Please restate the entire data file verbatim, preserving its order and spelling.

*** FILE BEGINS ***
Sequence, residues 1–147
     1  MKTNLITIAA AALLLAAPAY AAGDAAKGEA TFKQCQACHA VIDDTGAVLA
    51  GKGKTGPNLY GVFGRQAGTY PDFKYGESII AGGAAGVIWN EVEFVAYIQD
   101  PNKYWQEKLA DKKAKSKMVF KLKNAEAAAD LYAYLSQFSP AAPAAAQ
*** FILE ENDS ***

Sequence, residues 1–147
     1  MKTNLITIAA AALLLAAPAY AAGDAAKGEA TFKQCQACHA VIDDTGAVLA
    51  GKGKTGPNLY GVFGRQAGTY PDFKYGESII AGGAAGVIWN EVEFVAYIQD
   101  PNKYWQEKLA DKKAKSKMVF KLKNAEAAAD LYAYLSQFSP AAPAAAQ